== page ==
‘If I Wake’ by Nikki Moyes is a really powerful and confronting book that speaks directly to the issues of bullying, peer pressure and suicide among kids and teens.
It’s a journey through Lucy’s world of despair that is punctuated by moments of joy and hope along the way. Her times of escape are a respite for both Lucy and the reader.
As someone who still grieves one of my own senior high students who took her own life just five months ago, I found this really compelling reading. I wept and, at times, sobbed. I felt angry and defensive, feeling very protective of Lucy and her alternate realities. Lucy isn’t flawless; in fact, she’s portrayed quite realistically. While she’s not perfect, she certainly doesn’t deserve the cards she gets dealt by either her peers or her family.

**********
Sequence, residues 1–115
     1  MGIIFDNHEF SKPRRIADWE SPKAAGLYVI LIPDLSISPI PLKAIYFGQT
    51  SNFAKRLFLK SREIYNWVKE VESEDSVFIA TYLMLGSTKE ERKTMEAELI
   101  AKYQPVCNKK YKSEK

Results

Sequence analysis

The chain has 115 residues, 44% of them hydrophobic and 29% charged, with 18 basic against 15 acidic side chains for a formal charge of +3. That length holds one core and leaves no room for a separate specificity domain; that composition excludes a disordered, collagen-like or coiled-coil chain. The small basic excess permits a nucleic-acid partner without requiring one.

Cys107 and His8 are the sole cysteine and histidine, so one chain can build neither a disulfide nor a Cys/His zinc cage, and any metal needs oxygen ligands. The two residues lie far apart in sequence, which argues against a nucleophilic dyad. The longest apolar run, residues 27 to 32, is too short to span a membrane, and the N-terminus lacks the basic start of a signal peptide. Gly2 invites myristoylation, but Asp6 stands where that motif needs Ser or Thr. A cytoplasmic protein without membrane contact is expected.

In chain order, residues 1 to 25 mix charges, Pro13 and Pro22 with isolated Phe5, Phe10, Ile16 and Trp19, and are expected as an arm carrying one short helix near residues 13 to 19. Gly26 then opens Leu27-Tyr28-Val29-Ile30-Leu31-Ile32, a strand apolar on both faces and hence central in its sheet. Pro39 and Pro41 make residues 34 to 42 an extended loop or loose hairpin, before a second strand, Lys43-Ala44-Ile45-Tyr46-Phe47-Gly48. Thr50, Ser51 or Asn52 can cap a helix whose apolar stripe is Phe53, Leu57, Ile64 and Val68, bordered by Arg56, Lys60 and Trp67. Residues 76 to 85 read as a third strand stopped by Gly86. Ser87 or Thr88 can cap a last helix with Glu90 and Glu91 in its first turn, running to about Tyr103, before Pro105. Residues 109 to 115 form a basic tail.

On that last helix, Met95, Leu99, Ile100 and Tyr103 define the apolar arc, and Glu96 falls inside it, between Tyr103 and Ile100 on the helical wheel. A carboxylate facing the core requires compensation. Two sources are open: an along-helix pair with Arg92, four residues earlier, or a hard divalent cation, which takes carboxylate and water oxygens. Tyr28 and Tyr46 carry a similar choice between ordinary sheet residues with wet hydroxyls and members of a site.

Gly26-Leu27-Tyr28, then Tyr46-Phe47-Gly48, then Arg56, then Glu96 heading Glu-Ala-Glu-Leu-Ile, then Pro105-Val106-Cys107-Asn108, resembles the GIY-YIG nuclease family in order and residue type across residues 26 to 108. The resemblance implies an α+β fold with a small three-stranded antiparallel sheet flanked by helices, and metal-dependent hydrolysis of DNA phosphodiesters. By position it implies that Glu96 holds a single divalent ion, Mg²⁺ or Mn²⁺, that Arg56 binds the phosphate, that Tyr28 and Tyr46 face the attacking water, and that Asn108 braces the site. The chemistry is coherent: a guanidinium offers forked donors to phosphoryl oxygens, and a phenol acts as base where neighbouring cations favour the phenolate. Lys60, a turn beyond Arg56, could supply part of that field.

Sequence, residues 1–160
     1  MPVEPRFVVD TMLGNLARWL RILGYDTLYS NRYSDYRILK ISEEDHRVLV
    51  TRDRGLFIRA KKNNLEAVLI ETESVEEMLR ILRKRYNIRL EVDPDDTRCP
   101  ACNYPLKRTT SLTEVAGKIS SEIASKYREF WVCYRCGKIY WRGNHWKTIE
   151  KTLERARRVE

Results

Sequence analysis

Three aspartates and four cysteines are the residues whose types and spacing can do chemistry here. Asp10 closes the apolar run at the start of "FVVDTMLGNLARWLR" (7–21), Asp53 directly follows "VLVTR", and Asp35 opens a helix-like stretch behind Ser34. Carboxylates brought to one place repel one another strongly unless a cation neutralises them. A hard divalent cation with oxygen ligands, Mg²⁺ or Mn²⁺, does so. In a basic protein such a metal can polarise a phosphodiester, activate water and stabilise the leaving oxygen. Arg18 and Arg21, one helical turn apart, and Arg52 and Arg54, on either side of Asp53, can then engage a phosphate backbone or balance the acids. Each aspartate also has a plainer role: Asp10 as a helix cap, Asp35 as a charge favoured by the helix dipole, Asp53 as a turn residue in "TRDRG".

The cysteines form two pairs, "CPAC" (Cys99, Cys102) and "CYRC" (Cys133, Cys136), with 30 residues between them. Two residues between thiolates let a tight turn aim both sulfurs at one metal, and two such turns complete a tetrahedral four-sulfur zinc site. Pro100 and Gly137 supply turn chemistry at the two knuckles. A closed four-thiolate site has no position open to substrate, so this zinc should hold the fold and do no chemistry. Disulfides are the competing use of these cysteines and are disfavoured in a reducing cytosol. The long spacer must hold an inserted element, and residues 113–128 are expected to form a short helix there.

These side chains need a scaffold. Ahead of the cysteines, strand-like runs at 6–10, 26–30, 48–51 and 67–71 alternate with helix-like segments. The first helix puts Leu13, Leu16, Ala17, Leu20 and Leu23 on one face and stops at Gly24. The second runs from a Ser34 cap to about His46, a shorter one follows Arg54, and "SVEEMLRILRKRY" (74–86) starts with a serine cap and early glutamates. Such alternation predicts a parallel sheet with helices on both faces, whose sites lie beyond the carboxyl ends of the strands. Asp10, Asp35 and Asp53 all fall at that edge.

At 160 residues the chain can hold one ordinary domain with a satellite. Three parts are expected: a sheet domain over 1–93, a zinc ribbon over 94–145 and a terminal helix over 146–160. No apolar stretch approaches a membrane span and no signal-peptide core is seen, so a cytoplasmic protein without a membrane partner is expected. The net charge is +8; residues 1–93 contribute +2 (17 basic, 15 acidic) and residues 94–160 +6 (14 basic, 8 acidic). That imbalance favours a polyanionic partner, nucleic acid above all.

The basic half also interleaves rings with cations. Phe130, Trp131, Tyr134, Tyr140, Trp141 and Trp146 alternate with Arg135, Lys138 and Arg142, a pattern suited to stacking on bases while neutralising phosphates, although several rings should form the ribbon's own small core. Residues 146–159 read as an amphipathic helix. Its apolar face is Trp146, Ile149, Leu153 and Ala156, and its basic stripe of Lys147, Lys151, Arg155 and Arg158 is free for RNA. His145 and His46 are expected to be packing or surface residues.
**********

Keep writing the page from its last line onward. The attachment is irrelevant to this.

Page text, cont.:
“If I Wake’ made me want to reach into the world of the book and change things to give Lucy some hope for her future. To be honest, I wanted to be able to mete justice on some of the characters, which worked very effectively in keeping me
hooked right to the end of the book.
However, that’s not how life works. ‘If I Wake’ firmly places the responsibility on those who make life so desperately hard for others, and demonstrates that their behaviour cannot be excused, regardless of whatever might be going on in their own lives.
Eventually, in something of a coup for the author, I was led to experience some compassion for the personal circumstances of some – but only some – of the characters who gave Lucy such a difficult life. This is really a testament to the power of Moyes’ writing.
I recommend ‘If I Wake’ for every teen, every parent, and every teacher. I’d love to see it as compulsory reading on every school’s book list.
Don’t tell me I can’t do that. I was never good at counting.